Next-Generation Apps Enabled by SPAN
Technologist Jaime Llorca explores the next-generation consumer and industry applications that will require the scalability and low-latency inherent in SPAN.
The first wake up call unveiling the inefficiencies of current connection-oriented TCP/IP based network architectures came from content distribution. The 2000’s saw a rapid change in Internet usage, from point-to-point communication services or “conversations” between pairs of hosts, to shared content access.
Content distribution networks (CDNs) appeared as initial attempts to accommodate content delivery within the current Internet architecture. By deploying cache servers at geographically distributed network locations and storing content closer to end users, CDNs alleviate the congestion caused by multiple redundant point-to-point connections delivering the same content from origin servers to multiple end users.
While CDNs have “sufficed” to provide acceptable quality of experience (QoE) for the distribution of relatively static web content, the increasing dominance of professional and user-generated video on demand (VoD) services – such as Netflix, Hulu, Disney+, Youtube, Vimeo – and more recently live video streaming – such as live sports/events, Facebook/Instagram live, Tiktok, Twitch – have exposed the inherent limitations of the current Internet and its overlay solutions. In essence, CDNs have just moved the origin a few layers closer to the user, but what is known as the CDN edge is, at the very best, sitting at Internet exchange points (IXPs) at the telco core, and redundant content-unaware point-to-point connections are still required to stream content from CDN edge caches, resulting in unbearable metro and aggregation network congestion and bandwidth costs (see Rhett Sampson’s Live Sports Delivery article for more details on such challenges).
This is only getting worse with the advent of next-generation system automation and augmented experience services, which not only keep up the demand for high-quality video, but also add a new dimension of real-time interactivity and associated low latency requirements.
The future is about real-time interaction with content, both for industrial and consumer applications.
Think about the future of manufacturing, farming, agriculture, transportation, etc. The concept of smart factories, cities, farms, transport, logistics… is about real-time aggregation of multimedia streams from sensor devices attached to physical systems onto edge cloud servers that can process that information to understand systems’ health, predict future performance and distribute resulting actions back to actuators on those same physical systems, enabling real-time analysis and automation.
Think about the future of personal interactions and entertainment. The concept of augmented/virtual reality, telepresence, immersive video, multi-player gaming… is about real-time aggregation of source video streams, in-network media production and post-processing, and distribution of highly personalized streams to individual users.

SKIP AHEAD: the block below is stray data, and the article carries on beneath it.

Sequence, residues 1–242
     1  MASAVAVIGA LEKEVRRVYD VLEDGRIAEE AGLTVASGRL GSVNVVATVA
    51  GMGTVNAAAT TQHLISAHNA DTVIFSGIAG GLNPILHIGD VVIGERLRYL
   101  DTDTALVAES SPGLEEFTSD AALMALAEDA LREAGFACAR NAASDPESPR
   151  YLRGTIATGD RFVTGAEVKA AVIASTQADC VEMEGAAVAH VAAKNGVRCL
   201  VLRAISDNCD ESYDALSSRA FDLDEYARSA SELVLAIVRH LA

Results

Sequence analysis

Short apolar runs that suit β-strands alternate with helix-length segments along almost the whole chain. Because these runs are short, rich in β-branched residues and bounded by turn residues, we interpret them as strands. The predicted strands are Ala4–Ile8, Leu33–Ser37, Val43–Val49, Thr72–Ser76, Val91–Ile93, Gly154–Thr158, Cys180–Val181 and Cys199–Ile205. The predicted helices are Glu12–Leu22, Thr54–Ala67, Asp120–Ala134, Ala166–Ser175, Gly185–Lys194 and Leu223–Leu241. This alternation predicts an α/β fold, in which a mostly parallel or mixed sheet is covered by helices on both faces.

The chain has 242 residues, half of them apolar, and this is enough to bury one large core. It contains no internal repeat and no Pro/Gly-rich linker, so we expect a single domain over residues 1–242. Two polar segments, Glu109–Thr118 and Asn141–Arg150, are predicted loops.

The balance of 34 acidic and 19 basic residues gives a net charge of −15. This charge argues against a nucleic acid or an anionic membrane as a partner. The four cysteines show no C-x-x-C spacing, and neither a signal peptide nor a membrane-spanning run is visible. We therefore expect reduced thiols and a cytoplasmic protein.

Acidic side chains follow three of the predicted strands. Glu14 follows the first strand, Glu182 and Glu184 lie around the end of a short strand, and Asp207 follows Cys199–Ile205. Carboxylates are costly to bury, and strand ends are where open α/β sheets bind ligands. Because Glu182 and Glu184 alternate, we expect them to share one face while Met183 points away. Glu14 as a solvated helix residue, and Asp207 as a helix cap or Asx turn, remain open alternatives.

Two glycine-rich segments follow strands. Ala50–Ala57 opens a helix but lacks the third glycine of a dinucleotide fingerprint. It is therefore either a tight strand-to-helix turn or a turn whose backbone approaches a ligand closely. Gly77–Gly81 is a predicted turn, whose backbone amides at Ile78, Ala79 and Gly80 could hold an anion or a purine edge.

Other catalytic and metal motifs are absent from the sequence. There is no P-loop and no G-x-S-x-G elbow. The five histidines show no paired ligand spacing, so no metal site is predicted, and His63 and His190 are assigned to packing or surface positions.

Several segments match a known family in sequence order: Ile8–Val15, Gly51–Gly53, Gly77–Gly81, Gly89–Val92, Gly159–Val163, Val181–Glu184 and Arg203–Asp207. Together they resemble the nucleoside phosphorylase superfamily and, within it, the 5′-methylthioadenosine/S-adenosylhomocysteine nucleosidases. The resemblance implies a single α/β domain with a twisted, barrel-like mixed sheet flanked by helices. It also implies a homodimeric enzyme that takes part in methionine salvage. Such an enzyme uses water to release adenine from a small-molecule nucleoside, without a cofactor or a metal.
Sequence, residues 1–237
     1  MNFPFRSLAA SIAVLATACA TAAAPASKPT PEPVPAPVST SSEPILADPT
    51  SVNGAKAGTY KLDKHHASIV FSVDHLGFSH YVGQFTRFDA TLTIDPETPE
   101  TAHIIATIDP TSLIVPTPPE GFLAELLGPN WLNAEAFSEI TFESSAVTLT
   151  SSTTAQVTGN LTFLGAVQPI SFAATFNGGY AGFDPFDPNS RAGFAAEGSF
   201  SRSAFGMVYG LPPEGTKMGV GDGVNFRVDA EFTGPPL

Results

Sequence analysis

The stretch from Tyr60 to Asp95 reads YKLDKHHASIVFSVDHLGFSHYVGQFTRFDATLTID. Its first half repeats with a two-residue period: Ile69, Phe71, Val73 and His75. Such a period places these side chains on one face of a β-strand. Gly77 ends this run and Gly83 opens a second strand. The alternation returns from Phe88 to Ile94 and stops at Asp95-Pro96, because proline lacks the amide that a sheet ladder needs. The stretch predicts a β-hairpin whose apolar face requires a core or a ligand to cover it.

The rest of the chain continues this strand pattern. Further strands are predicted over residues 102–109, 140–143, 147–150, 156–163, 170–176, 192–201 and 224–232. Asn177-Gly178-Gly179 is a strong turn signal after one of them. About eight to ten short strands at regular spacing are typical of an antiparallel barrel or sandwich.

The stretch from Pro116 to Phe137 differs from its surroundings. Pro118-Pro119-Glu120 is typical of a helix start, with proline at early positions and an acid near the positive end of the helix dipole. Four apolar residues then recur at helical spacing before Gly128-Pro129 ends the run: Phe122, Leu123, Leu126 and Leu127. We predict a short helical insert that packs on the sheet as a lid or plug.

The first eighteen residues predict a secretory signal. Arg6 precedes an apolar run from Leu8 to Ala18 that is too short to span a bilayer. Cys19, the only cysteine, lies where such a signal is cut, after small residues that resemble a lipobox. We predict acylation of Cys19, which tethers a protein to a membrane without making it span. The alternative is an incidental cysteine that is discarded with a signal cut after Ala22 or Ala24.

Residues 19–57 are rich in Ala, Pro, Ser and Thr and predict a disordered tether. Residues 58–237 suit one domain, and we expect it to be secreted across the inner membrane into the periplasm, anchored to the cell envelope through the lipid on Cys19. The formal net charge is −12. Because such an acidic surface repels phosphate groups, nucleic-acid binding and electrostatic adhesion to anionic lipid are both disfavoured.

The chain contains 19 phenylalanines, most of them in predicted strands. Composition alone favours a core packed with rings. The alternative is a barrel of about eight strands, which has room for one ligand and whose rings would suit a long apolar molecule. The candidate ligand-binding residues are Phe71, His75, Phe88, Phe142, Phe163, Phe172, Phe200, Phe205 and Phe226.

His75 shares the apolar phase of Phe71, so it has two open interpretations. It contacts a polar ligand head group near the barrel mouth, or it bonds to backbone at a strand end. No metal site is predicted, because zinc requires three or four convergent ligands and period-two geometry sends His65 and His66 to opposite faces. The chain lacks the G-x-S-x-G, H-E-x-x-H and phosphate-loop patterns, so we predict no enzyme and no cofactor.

It is apparent that this rapidly emerging class of resource- and interaction-intensive applications will disrupt the way to live, work, and interact with the physical world. But their high bandwidth, and especially low latency requirements, make delivering them over the current internet and CDN overlays not even cost-prohibitive, but literally insurmountable.
The efficient delivery of industrial automation and augmented experience services, which combine live and static data sources, intensive storage and computation requirements, and latencies on the sub-millisecond to few milliseconds range, require a fundamental new approach to content delivery. An approach that must include:
- Optimized use of highly distributed compute, storage, and network resources, spanning end devices, access points, telco edge, and telco core cloud layers.
- Programmable and elastic network slices that can be dynamically reconfigured and customized for specific application requirements.
- Content-aware connectionless networking with native multicast support to enable seamless content dissemination over the distributed cloud continuum.
Our SPAN-AI technology was designed to combine these key features as a result of the pressing need to efficiently deliver next-generation services. In SPAN-AI, the network becomes the cloud. Any network device can contribute storage, compute, and networking resources. Local AI agents guided by global control algorithms orchestrate the combined use of network resources to meet applications requirements and adaptive content-aware routing protocols enable cooperative content distribution.